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by Staff Writers
Berlin, Germany (SPX) Jul 01, 2013
For the first time, a team of researchers at the HZB led by Dr. Roland Mainz and Dr. Christian Kaufmann has managed to observe growth of high-efficiency chalcopyrite thin film solar cells in real time and to study the formation and degradation of defects that compromise efficiency.
To this end, the scientists set up a novel measuring chamber at the Berlin electron storage ring BESSY II, which allows them to combine several different kinds of measuring techniques.
Their results show during which process stages the growth can be accelerated and when additional time is required to reduce defects. Their work has now been published online in Advanced Energy Materials.
Today's chalcopyrite thin film cells based on copper indium gallium selenide are already reaching efficiencies of more than 20 percent.
For the fabrication of the extremely thin polycrystalline layers, the process of coevaporation has lead to the best results so far: During coevaporation, two separate elements are evaporated simultaneously, first indium (or gallium) and selenium, then copper and selenium, and, finally, indium (or gallium) and selenium again. This way, a thin film of crystals forms, which exhibit only a small number of defects.
"Until recently, we did not fully understand what exactly happens during this coevaporation process," says Dr. Roland Mainz of the HZB's Institute of Technology. The team of physicists worked for three years using on-site and real-time measurements to find an answer to this question.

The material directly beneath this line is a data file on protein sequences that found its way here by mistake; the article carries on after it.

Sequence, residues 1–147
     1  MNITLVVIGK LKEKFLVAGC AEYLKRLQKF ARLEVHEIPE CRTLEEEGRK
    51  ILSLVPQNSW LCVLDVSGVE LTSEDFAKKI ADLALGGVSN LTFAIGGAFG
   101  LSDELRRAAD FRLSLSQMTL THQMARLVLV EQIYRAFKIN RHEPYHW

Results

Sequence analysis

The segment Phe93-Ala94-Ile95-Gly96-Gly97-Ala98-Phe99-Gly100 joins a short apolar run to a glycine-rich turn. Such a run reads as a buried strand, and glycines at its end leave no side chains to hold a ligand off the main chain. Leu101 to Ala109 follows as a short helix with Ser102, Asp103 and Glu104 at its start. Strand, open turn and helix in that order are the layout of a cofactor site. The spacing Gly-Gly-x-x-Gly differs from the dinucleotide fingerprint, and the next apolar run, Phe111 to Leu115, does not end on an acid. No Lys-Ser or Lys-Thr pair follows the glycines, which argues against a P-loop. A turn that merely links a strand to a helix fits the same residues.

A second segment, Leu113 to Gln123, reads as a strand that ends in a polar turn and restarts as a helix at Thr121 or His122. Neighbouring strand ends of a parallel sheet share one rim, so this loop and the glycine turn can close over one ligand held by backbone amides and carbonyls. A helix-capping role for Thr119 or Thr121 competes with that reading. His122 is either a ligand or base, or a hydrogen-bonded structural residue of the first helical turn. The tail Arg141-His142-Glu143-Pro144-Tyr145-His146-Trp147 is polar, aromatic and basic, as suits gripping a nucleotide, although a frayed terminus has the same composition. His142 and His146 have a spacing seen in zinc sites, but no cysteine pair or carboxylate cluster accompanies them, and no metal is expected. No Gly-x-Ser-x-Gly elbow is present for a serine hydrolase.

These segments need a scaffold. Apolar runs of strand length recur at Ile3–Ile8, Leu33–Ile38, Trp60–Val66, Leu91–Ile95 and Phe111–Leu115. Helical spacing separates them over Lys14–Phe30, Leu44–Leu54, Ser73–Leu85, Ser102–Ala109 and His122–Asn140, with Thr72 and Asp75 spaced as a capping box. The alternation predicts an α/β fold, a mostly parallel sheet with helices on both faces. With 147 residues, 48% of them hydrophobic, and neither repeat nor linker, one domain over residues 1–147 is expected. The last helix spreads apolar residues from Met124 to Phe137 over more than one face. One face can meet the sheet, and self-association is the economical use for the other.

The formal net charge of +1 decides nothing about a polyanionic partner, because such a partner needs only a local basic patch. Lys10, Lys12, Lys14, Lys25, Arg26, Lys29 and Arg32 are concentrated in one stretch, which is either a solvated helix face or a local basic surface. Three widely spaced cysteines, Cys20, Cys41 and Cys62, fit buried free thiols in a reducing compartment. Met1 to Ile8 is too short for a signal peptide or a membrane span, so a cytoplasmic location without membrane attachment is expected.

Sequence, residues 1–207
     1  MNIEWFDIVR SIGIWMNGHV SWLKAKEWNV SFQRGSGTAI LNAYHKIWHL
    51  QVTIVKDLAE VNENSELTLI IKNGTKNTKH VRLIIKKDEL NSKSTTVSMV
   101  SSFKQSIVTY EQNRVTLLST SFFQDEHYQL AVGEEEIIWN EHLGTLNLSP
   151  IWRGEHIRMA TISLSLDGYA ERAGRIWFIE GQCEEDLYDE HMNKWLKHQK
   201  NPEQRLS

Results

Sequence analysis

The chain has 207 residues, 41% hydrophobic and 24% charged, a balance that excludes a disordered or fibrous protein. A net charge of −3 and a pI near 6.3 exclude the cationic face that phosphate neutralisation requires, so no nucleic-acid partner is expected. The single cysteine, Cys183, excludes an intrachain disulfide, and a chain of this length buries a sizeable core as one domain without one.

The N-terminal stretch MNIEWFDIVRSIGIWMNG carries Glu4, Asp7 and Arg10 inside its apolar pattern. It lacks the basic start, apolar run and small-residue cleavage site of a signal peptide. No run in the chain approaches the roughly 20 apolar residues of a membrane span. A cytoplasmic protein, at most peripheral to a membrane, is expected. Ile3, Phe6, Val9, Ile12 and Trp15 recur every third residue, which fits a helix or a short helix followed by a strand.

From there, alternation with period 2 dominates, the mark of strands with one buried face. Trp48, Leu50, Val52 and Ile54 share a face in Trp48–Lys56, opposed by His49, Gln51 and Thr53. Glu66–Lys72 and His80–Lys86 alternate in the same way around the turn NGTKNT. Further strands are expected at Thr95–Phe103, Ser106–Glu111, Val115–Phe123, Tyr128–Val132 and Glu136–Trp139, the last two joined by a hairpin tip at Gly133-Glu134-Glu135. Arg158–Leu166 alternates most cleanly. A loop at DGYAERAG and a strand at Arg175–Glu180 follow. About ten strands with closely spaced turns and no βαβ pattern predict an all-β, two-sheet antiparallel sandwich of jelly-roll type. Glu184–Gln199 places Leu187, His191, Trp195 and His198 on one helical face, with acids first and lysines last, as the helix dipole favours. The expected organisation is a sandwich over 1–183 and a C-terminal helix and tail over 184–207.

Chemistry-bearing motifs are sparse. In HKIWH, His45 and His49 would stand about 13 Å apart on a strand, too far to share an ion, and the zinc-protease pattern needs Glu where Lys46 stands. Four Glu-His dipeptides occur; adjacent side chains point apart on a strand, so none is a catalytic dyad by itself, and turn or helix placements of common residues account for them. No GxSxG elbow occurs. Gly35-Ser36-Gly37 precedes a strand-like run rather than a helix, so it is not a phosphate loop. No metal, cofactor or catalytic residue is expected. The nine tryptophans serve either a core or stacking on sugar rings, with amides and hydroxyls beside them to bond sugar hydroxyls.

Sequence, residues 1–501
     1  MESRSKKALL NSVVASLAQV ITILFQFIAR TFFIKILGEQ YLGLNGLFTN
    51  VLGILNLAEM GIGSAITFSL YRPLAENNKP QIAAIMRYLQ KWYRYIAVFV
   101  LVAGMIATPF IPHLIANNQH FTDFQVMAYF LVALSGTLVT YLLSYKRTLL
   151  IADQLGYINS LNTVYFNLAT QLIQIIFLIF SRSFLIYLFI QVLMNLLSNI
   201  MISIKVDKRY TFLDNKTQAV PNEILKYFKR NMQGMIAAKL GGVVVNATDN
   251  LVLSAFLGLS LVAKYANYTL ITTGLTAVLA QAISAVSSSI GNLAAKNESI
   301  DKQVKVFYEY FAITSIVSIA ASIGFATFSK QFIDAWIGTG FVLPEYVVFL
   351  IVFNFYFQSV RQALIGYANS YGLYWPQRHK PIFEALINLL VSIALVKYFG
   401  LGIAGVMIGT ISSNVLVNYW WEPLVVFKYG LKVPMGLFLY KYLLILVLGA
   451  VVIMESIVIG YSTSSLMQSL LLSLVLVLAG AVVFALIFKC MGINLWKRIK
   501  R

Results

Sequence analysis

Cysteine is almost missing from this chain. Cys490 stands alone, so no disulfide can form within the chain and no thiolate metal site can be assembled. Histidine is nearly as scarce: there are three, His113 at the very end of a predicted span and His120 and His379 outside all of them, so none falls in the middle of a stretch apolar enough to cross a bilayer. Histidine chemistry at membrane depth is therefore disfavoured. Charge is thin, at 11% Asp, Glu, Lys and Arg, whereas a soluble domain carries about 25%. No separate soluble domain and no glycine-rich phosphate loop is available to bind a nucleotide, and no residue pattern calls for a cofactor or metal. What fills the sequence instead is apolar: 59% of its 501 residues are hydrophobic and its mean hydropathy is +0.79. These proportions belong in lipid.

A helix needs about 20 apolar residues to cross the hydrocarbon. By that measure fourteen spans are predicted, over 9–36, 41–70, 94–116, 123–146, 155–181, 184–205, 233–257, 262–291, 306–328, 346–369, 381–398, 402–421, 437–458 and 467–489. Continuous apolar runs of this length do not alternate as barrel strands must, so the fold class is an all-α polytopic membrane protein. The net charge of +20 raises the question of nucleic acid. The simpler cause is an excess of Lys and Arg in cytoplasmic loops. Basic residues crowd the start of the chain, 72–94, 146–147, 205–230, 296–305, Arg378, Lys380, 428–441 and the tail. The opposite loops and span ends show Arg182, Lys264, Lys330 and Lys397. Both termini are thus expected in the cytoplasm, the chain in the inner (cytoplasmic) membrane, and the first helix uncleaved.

Novel experimental chamber constructed
According to Mainz, "one of the main challenges was adjusting the chamber, which weighs around 250 kilograms, with an accuracy of 10 micrometer." Because of thermal expansion during evaporation, the height has to be automatically re-adjusted every few seconds.
Combination of x-ray diffraction and fluorescence analysis
"But we're also able to tell when these defects disappear again." This takes place in the second process stage, when copper and selenium are evaporated. Excess copper, which deposits at the surface in the form of copper selenide helps to remove defects.
"This was already known before from previous experiments. But now, using fluorescence signals and numeric model calculations, we are able to show how copper selenide penetrates the copper indium selenide layer," Mainz explains.
Here clear-cut differences between copper indium selenide and copper gallium selenide layers became apparent: While copper is able to penetrate the copper-indium-selenide layer, in the case of copper-gallium-selenide, which is otherwise pretty similar, it remains at the surface. This could be one possible reason for why the use of pure copper gallium selenide does not yield high efficiency solar cells.
Concrete steps for optimization
"Our findings suggest that the process can be accelerated at some stages and that it is sufficient to slow it down only at points where defects are efficiently eliminated," explains Mainz.
Mainz is already looking forward to future project EMIL, which is currently being set up at BESSY II. Here even more powerful tools will become available for the study of complex processes during growth of new types of solar cells in situ and in real time.
Read the original paper in Advanced Energy Materials here
All About Solar Energy at SolarDaily.com
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